University of Evansville - Linc Yearbook (Evansville, IN)

 - Class of 1958

Page 1 of 160

 

University of Evansville - Linc Yearbook (Evansville, IN) online yearbook collection, 1958 Edition, Cover
Cover



Page 6, 1958 Edition, University of Evansville - Linc Yearbook (Evansville, IN) online yearbook collectionPage 7, 1958 Edition, University of Evansville - Linc Yearbook (Evansville, IN) online yearbook collection
Pages 6 - 7

Page 10, 1958 Edition, University of Evansville - Linc Yearbook (Evansville, IN) online yearbook collectionPage 11, 1958 Edition, University of Evansville - Linc Yearbook (Evansville, IN) online yearbook collection
Pages 10 - 11

Page 14, 1958 Edition, University of Evansville - Linc Yearbook (Evansville, IN) online yearbook collectionPage 15, 1958 Edition, University of Evansville - Linc Yearbook (Evansville, IN) online yearbook collection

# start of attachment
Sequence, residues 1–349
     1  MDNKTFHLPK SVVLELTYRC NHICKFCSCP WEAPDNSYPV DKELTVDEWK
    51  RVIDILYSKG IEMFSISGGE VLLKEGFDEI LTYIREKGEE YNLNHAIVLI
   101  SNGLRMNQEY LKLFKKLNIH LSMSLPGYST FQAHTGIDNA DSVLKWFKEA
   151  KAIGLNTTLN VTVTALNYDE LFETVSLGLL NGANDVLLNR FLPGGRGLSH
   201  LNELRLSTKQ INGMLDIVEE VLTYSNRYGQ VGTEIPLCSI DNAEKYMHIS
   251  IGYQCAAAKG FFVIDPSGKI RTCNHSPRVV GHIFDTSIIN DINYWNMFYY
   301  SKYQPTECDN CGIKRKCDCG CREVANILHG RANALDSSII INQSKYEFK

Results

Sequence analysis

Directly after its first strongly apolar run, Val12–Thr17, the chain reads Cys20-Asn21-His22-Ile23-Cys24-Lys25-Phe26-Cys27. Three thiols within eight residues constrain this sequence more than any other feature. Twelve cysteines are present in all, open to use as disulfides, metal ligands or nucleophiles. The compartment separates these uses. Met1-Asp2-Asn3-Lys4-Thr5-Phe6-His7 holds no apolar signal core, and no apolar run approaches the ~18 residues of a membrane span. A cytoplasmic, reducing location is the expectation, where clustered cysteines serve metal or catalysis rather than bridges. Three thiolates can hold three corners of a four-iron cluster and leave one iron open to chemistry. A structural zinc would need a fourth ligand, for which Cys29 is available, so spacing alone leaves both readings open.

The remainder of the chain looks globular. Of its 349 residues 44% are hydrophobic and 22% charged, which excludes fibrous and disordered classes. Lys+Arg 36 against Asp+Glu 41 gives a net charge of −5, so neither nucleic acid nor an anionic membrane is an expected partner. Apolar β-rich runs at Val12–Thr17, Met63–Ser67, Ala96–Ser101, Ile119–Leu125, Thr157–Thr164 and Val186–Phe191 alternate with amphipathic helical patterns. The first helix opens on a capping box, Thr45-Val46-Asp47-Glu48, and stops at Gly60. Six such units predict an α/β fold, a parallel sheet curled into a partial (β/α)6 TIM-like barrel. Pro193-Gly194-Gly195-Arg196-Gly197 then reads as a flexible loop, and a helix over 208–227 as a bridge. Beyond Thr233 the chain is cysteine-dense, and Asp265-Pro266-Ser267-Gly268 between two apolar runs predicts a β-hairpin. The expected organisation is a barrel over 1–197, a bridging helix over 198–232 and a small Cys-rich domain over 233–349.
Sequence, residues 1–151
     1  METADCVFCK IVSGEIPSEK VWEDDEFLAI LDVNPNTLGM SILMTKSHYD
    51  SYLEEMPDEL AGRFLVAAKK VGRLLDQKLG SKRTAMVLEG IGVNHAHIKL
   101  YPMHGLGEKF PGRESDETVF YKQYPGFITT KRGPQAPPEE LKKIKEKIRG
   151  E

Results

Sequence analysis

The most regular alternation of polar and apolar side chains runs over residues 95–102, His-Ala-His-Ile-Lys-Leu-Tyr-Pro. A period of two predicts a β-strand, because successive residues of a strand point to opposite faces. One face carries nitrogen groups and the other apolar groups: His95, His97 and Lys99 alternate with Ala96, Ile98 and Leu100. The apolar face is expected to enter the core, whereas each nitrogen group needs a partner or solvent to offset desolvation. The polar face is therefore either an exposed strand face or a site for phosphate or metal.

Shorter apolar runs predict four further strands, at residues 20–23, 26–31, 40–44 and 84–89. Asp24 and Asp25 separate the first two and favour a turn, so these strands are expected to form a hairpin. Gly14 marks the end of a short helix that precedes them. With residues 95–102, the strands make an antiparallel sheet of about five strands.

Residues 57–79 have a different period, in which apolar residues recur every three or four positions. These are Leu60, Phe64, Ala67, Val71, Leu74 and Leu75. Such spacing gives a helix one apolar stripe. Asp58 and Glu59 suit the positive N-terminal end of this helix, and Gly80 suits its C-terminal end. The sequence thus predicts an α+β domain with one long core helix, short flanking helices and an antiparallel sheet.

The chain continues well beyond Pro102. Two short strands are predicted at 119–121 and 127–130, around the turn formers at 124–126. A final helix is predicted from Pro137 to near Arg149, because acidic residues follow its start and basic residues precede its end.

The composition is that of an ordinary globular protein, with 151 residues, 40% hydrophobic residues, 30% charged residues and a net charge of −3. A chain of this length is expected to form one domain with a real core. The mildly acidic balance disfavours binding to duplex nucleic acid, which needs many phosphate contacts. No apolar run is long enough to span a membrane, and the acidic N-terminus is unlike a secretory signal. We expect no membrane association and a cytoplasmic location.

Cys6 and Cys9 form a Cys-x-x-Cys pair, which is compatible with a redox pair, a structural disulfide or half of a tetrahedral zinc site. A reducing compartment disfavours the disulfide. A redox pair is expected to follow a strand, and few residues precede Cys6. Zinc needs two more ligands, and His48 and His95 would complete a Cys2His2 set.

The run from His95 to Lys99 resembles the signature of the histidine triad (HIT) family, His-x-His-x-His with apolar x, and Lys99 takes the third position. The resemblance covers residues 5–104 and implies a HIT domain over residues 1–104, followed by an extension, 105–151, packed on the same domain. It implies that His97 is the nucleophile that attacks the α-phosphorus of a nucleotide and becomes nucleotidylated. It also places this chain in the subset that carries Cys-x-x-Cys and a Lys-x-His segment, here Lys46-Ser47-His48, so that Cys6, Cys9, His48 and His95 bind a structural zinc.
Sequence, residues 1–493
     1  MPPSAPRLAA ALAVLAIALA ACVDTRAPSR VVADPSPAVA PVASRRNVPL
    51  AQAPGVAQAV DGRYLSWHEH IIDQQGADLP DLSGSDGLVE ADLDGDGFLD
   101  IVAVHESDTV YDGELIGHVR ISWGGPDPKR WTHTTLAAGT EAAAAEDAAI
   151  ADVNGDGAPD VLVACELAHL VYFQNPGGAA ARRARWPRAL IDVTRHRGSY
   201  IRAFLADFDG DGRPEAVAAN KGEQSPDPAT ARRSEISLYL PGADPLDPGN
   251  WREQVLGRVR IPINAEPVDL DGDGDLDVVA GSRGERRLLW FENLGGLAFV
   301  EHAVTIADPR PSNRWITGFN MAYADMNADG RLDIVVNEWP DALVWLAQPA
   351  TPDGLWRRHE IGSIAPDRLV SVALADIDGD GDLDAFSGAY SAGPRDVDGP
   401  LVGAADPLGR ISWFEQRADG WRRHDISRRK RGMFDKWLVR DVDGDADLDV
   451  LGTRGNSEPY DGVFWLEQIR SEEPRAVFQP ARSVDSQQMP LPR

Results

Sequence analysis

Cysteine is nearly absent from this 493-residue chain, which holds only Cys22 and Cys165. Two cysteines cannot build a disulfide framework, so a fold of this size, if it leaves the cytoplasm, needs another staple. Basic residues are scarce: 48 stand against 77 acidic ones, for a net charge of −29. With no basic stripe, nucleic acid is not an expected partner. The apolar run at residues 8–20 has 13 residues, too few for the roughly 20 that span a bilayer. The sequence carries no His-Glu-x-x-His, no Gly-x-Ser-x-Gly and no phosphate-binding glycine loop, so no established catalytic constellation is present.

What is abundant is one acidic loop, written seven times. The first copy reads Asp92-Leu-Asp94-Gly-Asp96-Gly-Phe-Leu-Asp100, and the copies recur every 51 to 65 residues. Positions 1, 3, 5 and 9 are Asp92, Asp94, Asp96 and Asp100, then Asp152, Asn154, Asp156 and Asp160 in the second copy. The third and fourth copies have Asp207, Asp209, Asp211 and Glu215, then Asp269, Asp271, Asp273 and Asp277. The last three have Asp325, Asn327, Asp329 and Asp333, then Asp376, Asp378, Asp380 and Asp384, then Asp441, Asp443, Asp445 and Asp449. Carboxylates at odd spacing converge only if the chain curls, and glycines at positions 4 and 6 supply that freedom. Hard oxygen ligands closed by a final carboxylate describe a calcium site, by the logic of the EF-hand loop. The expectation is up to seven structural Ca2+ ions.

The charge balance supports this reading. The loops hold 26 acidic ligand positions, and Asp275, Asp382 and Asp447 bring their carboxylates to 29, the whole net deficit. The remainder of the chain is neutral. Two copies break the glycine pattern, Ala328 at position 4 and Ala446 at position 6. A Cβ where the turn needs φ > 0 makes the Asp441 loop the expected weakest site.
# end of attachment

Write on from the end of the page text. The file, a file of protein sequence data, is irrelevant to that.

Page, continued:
Pages 14 - 15

Page 8, 1958 Edition, University of Evansville - Linc Yearbook (Evansville, IN) online yearbook collectionPage 9, 1958 Edition, University of Evansville - Linc Yearbook (Evansville, IN) online yearbook collection
Pages 8 - 9
Page 12, 1958 Edition, University of Evansville - Linc Yearbook (Evansville, IN) online yearbook collectionPage 13, 1958 Edition, University of Evansville - Linc Yearbook (Evansville, IN) online yearbook collection
Pages 12 - 13
Page 16, 1958 Edition, University of Evansville - Linc Yearbook (Evansville, IN) online yearbook collectionPage 17, 1958 Edition, University of Evansville - Linc Yearbook (Evansville, IN) online yearbook collection
Pages 16 - 17

Text from Pages 1 - 160 of the 1958 volume: